SF Brooke-Rose…

March 29, 2012 § Leave a comment

Locus Online have written about Christine Brooke-Rose. Brooke-Rose was fascinated about the potential lines between science and literature, and in a way it’s one of threads she sustained throughout her career. I’m looking forward to the full obituary in their May issue. 

Brooke-Rose obit in the Independent

March 27, 2012 § Leave a comment

Nicolas Tredell – who did an excellent interview with Brooke-Rose in his Conversations with Critics – has written a lovely, fitting obituary to Christine Brooke-Rose in The Independent.

More Christine Brooke-Rose

March 23, 2012 § Leave a comment

…and now the Guardian have just printed Stuart Jeffries’s obituary of Brooke-Rose, which is wonderful, and does good justice to some of her ideas, and her wide-ranging career.

Christine Brooke-Rose

March 23, 2012 § Leave a comment

Natalie Ferris has written a fitting tribute to Christine Brooke-Rose for the Guardian, the sister paper of which – the Observer – Brooke-Rose reviewed for many years ago.

Christine Brooke-Rose (1923-2012)

March 23, 2012 § Leave a comment

Image

I was sad to find out today that Christine Brooke-Rose died. I’m sure she’ll be memorialised for her novel Thru (1975), a typesetter’s nightmare, a joyous romp of over-spilling textuality that explodes the normal confines of the material book in so many wonderful, thoughtful, outrageous ways (even if it was, she once claimed, just “written almost tongue-in-cheek for a few narratologist friends”). But I hope somewhere along the way she is flagged up as a great experimental novelist in the truest sense of the word, and in that sense, truly alien (like her friend Muriel Spark, though to such different ends) to the English literary tradition. She wrote novels that engaged (separately) with chemistry, astrophsyics, structural linguistics, computer languages, evolutionary biology, and more. She wrote a novel without the word “to be”, and one only in future tenses. At the start of her career, she wrote four conventional novels (which she described as “sub-Waugh”) before having a Damascene conversion to experimentalism. And she stuck at it, absolutely: you can’t get a better, braver story than that. And her novels were not only experimental, but funny too.

And I hope, beyond this, that she is also recognised as a translator of Robbe-Grillet and Goytisolo, as the author of a book on metaphor that I still saw on reading lists as an undergraduate in 2006, as a brilliant and serious critic who thought very very deeply about narrative and all the upheavals it saw (in practice and theory) in her time, as well as a thrilling reader of Pound, James, Robbe-Grillet (again), and many more.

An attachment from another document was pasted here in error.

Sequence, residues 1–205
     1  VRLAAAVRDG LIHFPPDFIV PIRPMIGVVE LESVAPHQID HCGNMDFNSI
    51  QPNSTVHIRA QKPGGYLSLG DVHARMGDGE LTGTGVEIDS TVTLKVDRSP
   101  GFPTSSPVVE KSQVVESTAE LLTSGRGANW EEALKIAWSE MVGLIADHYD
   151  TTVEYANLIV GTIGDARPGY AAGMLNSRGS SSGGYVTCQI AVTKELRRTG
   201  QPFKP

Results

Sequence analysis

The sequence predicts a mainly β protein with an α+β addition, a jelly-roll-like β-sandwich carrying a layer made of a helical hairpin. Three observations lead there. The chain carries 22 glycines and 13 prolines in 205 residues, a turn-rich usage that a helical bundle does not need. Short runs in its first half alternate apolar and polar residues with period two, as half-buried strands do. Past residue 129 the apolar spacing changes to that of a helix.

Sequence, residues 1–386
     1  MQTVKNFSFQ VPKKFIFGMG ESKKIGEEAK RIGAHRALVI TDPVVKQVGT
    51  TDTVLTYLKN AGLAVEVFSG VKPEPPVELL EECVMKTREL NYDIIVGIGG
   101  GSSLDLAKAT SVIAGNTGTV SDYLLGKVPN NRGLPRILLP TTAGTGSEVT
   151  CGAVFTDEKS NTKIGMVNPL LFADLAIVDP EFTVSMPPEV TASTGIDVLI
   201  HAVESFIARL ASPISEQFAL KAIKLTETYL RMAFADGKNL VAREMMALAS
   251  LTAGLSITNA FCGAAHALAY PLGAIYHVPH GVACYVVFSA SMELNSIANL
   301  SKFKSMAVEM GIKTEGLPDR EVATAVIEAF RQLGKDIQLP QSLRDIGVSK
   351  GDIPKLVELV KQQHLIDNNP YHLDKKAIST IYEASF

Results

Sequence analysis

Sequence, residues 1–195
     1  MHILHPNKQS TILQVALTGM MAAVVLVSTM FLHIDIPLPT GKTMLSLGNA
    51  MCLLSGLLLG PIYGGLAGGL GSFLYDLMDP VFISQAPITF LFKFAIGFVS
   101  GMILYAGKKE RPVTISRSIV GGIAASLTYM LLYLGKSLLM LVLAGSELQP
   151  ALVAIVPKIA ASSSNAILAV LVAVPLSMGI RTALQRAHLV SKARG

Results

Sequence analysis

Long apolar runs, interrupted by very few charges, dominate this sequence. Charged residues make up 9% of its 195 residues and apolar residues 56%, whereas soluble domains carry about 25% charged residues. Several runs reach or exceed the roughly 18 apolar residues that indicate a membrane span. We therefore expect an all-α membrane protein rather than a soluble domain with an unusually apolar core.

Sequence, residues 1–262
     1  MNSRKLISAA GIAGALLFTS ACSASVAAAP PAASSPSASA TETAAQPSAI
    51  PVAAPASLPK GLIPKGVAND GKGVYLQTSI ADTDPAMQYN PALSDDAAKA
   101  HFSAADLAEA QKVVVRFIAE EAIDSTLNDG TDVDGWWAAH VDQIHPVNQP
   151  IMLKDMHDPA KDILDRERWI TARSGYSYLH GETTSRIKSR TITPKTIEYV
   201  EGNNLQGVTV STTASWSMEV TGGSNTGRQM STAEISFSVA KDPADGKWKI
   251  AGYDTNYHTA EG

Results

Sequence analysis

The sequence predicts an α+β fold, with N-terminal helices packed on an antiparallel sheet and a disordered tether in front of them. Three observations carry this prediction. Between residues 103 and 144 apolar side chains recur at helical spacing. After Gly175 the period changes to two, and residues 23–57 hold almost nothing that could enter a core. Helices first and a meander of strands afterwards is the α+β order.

I could write all night about this sui generis novelist/poet/short-story-writer/translator/literary critic/narratologist/literary theorist etc. who was never given the recognition she deserved, who never even really picked up as a cult author as she should have. But instead, personally, what I think I value her for the most is her incredible intelligence. It shines out of every word she wrote, whether in her novels at their most tricky, or in the day-jobbing reviews she wrote for the Observer in the late ’50s/early ’60s. It’s not in her variegatedness or her encyclopaedicness that I see this the most, but simply in the incredible penetration of her intellect, her ability to show up complex things as complex, but to illuminate them nonetheless in a completely original way. Reading Brooke-Rose, you both see through so clearly to the subject at hand, and at the same time you are taken along breathlessly into her own unique vision of that thing, a vision utterly other in itself. Her writing is not a show, a performance at being/doing something: she wrote with the conviction of a convert, always, and you see in everything she wrote a belief in the reader to understand complex things in a complex way, and a faith in complexity as something important and meaningful.

I don’t know if these terms are terms she should be cast in: this has got a bit personal. I’m not even sure if this picture (from the back cover of her short story collection Go When You See The Green Man Walking (1970)) is how she would have liked to have been presented. Still, it’s a great image, and I know Brooke-Rose saw the funny side of the messages her author photos gave across.

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